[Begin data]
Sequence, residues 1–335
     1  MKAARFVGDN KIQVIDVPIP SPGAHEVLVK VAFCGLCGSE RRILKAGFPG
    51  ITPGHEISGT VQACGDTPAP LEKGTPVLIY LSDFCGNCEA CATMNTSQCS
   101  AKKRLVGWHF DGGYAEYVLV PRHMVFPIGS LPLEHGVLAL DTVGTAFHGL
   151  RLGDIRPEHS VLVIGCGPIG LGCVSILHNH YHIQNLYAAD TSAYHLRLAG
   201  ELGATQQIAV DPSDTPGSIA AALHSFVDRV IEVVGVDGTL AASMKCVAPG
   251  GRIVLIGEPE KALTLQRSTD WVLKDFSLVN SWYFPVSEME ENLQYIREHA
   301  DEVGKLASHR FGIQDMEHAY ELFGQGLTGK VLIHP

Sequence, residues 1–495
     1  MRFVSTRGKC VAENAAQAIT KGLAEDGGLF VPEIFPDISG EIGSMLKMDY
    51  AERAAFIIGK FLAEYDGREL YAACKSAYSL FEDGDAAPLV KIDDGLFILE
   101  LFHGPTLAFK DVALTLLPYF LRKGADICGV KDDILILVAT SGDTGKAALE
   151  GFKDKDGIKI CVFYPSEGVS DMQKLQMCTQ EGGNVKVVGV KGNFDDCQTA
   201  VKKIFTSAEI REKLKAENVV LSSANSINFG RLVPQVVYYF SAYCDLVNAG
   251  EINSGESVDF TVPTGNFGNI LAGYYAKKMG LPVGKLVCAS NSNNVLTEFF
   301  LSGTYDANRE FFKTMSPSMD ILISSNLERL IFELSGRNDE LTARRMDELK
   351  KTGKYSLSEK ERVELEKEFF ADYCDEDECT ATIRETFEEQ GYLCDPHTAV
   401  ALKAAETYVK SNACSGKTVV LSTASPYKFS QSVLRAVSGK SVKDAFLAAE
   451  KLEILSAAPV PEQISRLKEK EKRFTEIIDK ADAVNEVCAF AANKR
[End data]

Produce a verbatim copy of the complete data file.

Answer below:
Sequence, residues 1–335
     1  MKAARFVGDN KIQVIDVPIP SPGAHEVLVK VAFCGLCGSE RRILKAGFPG
    51  ITPGHEISGT VQACGDTPAP LEKGTPVLIY LSDFCGNCEA CATMNTSQCS
   101  AKKRLVGWHF DGGYAEYVLV PRHMVFPIGS LPLEHGVLAL DTVGTAFHGL
   151  RLGDIRPEHS VLVIGCGPIG LGCVSILHNH YHIQNLYAAD TSAYHLRLAG
   201  ELGATQQIAV DPSDTPGSIA AALHSFVDRV IEVVGVDGTL AASMKCVAPG
   251  GRIVLIGEPE KALTLQRSTD WVLKDFSLVN SWYFPVSEME ENLQYIREHA
   301  DEVGKLASHR FGIQDMEHAY ELFGQGLTGK VLIHP

Sequence, residues 1–495
     1  MRFVSTRGKC VAENAAQAIT KGLAEDGGLF VPEIFPDISG EIGSMLKMDY
    51  AERAAFIIGK FLAEYDGREL YAACKSAYSL FEDGDAAPLV KIDDGLFILE
   101  LFHGPTLAFK DVALTLLPYF LRKGADICGV KDDILILVAT SGDTGKAALE
   151  GFKDKDGIKI CVFYPSEGVS DMQKLQMCTQ EGGNVKVVGV KGNFDDCQTA
   201  VKKIFTSAEI REKLKAENVV LSSANSINFG RLVPQVVYYF SAYCDLVNAG
   251  EINSGESVDF TVPTGNFGNI LAGYYAKKMG LPVGKLVCAS NSNNVLTEFF
   301  LSGTYDANRE FFKTMSPSMD ILISSNLERL IFELSGRNDE LTARRMDELK
   351  KTGKYSLSEK ERVELEKEFF ADYCDEDECT ATIRETFEEQ GYLCDPHTAV
   401  ALKAAETYVK SNACSGKTVV LSTASPYKFS QSVLRAVSGK SVKDAFLAAE
   451  KLEILSAAPV PEQISRLKEK EKRFTEIIDK ADAVNEVCAF AANKR